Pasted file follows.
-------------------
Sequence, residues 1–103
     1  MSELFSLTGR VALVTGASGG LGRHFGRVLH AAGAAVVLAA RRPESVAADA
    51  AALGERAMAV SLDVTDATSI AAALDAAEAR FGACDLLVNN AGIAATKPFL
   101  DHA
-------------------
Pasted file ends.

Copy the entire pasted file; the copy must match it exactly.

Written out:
Sequence, residues 1–103
     1  MSELFSLTGR VALVTGASGG LGRHFGRVLH AAGAAVVLAA RRPESVAADA
    51  AALGERAMAV SLDVTDATSI AAALDAAEAR FGACDLLVNN AGIAATKPFL
   101  DHA